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Fitting finale to a YA zombie horror quartet
on 2 December 2013
It's several weeks after FLESH AND BONE. The doctors at Sanctuary have stabilised Chong so he hasn't gone full zom but his hunger for human flesh means that he no longer recognises his friends. To cure him the doctors need a formula that Dr McReady was working on before she disappeared but they don't have the soldiers to spare on what everyone believes is a fool's errand. Everyone that is, except Benny who thinks he knows where to look and persuades Joe Ledger, Nix, and Lilah to accompany him on a search and rescue mission.
But even if they do find a cure all might be lost. Saint John is leading his army of reapers and zoms towards Mountainside and he has his own zealot scientists who are using McReady's research to turn the zoms into fast running troops capable of using tools and developing strategy ...
The final book in Jonathan Maberry's YA zombie quartet is an event-filled thrill ride with a group of characters who really have to mature and deal with events that even adults find difficult to cope with. I particularly enjoyed the emotional damage that the characters suffer and which they recognise they're suffering, even as they desperately strive to build a better future because they know that no one else can. It's a dark book with some unexpected - and brutal - character deaths. If I have a complaint it's that the denouement goes on a little too long with a couple of surprises too many for me and Saint John and his Reapers are rather two-dimensional and under-developed with the explanation for their loyalty not quite convincing. That said this is a solidly entertaining YA zombie quartet that I'd recommend to burgeoning horror fans.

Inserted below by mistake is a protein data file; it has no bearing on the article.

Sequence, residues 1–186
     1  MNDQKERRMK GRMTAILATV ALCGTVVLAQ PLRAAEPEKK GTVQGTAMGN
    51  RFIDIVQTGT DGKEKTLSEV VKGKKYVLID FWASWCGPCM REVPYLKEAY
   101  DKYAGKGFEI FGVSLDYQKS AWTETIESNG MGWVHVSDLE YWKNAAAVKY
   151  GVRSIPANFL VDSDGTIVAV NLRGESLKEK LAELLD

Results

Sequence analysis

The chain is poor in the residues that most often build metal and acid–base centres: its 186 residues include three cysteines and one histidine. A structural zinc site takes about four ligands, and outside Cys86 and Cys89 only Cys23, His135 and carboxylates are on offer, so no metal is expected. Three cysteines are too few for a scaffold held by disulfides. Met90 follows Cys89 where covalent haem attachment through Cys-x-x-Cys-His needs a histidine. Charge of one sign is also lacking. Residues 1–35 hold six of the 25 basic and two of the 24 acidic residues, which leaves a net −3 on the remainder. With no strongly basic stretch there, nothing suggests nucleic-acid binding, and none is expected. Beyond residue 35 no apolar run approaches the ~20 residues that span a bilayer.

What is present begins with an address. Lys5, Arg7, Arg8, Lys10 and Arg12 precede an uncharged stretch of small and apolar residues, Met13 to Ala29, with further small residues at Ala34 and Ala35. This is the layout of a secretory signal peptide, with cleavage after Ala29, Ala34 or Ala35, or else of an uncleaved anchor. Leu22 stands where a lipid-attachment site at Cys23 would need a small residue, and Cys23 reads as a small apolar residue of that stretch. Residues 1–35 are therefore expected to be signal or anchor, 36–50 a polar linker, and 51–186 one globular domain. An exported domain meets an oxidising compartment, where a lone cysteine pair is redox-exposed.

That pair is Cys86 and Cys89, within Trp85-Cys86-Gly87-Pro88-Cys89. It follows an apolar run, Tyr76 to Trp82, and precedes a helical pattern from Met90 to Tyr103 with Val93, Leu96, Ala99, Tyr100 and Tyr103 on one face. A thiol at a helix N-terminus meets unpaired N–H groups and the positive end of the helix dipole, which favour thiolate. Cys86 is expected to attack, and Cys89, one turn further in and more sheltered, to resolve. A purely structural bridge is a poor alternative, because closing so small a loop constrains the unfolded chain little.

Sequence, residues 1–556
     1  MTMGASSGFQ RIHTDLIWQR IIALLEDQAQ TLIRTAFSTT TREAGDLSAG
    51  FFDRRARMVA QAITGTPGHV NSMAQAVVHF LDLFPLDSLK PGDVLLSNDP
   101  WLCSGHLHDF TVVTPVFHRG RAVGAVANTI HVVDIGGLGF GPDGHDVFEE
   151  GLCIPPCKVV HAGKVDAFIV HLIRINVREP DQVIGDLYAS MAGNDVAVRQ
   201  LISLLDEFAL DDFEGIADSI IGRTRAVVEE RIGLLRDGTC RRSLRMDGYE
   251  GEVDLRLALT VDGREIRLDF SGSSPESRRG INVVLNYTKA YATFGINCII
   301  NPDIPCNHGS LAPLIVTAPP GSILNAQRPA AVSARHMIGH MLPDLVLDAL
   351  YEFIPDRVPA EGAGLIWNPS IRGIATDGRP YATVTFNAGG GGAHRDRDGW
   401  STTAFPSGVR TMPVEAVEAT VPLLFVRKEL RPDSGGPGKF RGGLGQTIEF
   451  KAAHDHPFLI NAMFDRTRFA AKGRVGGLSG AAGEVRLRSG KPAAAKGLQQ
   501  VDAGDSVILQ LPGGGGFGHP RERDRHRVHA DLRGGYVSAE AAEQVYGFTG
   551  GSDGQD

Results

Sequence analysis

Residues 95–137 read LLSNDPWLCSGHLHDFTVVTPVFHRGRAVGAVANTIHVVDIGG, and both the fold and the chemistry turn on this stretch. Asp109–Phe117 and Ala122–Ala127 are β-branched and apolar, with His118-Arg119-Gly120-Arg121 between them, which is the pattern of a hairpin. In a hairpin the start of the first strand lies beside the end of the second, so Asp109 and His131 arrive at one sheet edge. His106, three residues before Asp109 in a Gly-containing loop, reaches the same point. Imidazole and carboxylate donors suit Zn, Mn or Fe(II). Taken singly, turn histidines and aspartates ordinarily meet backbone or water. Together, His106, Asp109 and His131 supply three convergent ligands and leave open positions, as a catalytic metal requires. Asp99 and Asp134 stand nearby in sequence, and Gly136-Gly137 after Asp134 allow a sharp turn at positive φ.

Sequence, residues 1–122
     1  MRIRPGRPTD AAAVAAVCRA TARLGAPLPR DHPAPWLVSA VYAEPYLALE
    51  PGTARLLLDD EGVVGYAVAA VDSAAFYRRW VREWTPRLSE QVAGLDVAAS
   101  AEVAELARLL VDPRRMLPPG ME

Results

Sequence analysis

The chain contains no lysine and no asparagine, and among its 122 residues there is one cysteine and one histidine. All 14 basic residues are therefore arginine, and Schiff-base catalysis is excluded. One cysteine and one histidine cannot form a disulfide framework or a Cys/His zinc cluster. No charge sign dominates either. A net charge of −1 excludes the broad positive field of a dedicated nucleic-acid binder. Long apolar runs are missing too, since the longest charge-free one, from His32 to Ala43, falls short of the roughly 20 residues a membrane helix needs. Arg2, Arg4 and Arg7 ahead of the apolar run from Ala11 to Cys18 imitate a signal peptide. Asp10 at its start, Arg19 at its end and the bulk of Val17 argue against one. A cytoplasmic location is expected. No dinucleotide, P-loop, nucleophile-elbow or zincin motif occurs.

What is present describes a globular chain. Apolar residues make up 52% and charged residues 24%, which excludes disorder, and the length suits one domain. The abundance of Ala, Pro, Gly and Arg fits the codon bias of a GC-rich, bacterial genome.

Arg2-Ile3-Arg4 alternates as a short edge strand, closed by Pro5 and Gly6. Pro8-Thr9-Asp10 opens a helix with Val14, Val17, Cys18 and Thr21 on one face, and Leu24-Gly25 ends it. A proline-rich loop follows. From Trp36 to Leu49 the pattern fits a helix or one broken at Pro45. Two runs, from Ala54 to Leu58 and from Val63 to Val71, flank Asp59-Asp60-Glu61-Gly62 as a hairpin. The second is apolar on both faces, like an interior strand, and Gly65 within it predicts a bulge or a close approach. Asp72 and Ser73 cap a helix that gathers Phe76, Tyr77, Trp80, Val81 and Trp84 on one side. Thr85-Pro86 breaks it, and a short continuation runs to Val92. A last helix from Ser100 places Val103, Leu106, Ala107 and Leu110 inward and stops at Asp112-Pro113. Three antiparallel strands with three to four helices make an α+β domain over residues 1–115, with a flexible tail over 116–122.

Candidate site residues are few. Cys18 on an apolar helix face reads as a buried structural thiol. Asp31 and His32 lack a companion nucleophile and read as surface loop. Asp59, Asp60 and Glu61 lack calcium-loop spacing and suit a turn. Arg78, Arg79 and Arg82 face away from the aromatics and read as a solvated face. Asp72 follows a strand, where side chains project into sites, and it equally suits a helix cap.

Benny and Nix do a lot of growing up in this book and I really enjoyed the way they have to examine their relationship and their feelings for each other. I wished Lilah and Chong had the same emotional resonance in their relationship. There are some neat cameos - I loved THE WALKING DEAD reference - and I'm going to pick up Maberry's Joe Ledger books on the strength of his appearance here. Maberry's prose is workmanlike rather than inspired but it does the job and the plot keeps coming in fast-paced waves. All in all it's a fun read and worth checking out.